I’ve only been a mom for 10 months, but I can already see how being a parent requires grit, perseverance, and a lot of love. Those qualities are surprisingly similar to the ones you need in order to be an entrepreneur. I had to learn how to cultivate enough for both, when I founded a company and had a baby all in the same year.
This wasn’t exactly the timeline I had planned. I found out I was pregnant three months after I launched the company I co-founded, Ollie—we make freshly cooked, human-grade food that’s tailored for dogs and deliver the meals to homes across the country. Ironically, the pregnancy disrupted my life in the same way I hoped Ollie would disrupt the pet food industry.
When I envisioned what life was going to be like the first year after my company’s launch, I imagined long days and nights—the highest of highs when things were going well and lowest of lows when they weren’t. In many ways it felt like my baby, and I was excited to spend the next year similarly to that first—all in, all the time!
And then I found out I was having a real baby. While I knew I always wanted to have kids, I had planned to get Ollie to a much more mature stage before having them and was concerned about not being able to invest as much time and energy into my company.
…being a parent requires grit, perseverance, and a lot of love. Those qualities are surprisingly similar to the ones you need in order to be an entrepreneur.
Thankfully, being pregnant wasn’t as difficult as I anticipated, though I worried my pregnancy would have repercussions for my company. When we were raising money for our Series A round, I purposely wore baggy clothes to meetings because I was worried investors would take issue with a pregnant co-founder. Luckily, that was not the case—but with only 17% of VC-funded startups led by women, how could I be sure?
Fast forward to when I had my daughter, Sasha—less than a year after we had launched. I now had to meet the emotional and physical demands of a baby, along with the financial pressure of owning a company. My first collision with the reality of being a mom came when Sasha decided to arrive three weeks early.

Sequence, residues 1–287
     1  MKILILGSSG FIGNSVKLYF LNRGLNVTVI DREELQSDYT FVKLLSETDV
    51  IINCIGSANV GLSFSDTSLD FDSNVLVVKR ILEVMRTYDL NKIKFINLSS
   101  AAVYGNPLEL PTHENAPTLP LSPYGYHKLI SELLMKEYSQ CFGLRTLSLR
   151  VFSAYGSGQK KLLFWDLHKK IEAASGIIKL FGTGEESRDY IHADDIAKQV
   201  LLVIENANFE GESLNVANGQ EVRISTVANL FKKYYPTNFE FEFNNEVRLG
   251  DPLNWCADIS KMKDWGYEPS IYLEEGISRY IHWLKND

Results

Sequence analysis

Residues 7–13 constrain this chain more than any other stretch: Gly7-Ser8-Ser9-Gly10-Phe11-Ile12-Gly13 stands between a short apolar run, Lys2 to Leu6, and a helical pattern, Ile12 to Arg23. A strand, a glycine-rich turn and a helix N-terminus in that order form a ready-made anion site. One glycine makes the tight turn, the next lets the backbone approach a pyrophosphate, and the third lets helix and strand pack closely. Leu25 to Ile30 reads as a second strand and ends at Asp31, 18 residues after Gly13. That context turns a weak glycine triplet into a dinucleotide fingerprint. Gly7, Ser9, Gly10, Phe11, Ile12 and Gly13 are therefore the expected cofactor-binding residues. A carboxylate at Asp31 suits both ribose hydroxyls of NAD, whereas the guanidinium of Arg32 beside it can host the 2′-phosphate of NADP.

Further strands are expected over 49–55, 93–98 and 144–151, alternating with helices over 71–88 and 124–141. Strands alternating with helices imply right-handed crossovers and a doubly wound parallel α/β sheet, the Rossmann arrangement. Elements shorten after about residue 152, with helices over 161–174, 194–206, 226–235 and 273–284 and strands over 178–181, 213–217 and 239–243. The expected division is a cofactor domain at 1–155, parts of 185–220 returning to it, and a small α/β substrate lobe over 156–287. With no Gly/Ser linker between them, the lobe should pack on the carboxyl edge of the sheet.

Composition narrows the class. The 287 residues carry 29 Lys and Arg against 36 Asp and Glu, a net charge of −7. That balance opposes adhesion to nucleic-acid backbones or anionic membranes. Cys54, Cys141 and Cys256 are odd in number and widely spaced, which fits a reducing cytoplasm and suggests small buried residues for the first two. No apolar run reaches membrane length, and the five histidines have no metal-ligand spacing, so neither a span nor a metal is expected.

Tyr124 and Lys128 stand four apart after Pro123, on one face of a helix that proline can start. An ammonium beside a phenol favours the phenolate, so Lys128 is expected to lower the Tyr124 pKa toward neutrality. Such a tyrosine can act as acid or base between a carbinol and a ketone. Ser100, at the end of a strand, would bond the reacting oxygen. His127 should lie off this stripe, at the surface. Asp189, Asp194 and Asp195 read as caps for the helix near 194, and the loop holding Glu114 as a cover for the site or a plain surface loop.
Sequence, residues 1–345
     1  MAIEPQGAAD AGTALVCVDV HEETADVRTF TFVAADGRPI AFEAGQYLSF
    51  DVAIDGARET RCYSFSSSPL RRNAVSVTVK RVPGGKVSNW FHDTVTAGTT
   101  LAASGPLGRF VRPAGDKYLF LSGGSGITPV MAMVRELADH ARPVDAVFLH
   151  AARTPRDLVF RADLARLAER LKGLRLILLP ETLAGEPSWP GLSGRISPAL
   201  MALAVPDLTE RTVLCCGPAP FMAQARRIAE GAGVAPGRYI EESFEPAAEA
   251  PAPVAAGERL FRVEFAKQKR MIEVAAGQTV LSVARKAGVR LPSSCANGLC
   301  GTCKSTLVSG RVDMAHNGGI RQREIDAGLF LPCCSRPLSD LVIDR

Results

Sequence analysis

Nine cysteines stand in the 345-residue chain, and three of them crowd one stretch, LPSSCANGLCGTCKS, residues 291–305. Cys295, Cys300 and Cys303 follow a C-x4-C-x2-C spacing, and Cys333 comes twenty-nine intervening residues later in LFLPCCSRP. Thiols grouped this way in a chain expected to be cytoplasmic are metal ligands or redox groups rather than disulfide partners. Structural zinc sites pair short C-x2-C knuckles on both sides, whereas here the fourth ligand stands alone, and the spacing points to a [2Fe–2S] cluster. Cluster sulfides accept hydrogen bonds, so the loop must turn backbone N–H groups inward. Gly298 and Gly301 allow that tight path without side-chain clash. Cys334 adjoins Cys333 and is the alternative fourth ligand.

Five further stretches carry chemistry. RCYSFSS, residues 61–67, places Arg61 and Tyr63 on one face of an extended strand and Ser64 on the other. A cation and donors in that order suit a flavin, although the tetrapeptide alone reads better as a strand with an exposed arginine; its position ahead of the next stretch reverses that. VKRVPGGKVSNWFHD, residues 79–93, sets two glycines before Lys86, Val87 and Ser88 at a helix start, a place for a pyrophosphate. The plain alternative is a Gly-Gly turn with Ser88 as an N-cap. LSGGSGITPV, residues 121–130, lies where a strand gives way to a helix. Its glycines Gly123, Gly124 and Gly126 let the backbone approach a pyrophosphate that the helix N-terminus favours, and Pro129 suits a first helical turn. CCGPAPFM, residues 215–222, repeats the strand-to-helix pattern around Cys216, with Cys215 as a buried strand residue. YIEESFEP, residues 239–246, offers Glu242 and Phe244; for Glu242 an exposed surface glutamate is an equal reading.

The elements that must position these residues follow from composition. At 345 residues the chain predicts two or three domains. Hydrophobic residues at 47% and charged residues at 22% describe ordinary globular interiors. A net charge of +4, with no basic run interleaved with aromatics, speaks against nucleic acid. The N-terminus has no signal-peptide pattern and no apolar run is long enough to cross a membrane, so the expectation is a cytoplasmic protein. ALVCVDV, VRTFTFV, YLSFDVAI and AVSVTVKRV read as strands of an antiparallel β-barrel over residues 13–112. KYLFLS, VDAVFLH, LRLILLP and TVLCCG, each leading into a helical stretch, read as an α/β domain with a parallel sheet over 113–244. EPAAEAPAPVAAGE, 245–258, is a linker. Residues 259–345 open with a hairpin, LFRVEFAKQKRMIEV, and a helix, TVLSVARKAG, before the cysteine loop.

The idea that I could “do it all”—take care of both babies, my company and my child—all at once was revealed as a total fallacy.
Post-birth, I almost immediately got back online. Ironically, the day I gave birth was the same day our Series A funding closed. The funding was great, but it also meant we had to put the gas on growth and a lot of initiatives that were on hold got the green light. Given how young of a startup it was, I felt the need to continue working and keep tabs on everything throughout my maternity leave.
The first three weeks I felt like I had it all: I had a rhythm with the baby and was in love with this tiny bundle that was in my life. I thought I was conquering multitasking by taking phone calls and doing voice-translated emails while breastfeeding. (My team only found out later why there were so many typos!)
But things quickly crashed. The adrenaline that kept me going for the first few weeks ran out, and the denial that this baby was not going to change my life wore off. My baby who had slept all day for the first few weeks suddenly woke up and was much more demanding. And my exhaustion and postpartum emotions came tumbling out. On top of that, my husband had to resume work travel just a few weeks in and the nanny I had hired was not working out and I needed to find someone new. The idea that I could “do it all”—take care of both babies, my company and my child—all at once was revealed as a total fallacy.
So, nearly one year later, here are five things I learned that helped me survive my first year as an entrepreneur and as a parent.
I… spent time focusing on what kind of mother I wanted to be instead of running around attempting to get everything done.
As a working parent, I’ve learned that adaptability—to employees, to the marketplace, and to customers—is key to growing a business (and a family!)
Gabby Slome is the co-founder and chief experience officer of Ollie, a national company that delivers freshly cooked, human-grade food that’s tailored to each dog’s nutritional needs. A former equestrian, Slome has had a lifelong passion for animals, and founded Ollie to improve the lives of dogs and revolutionize the $30 billion pet food industry.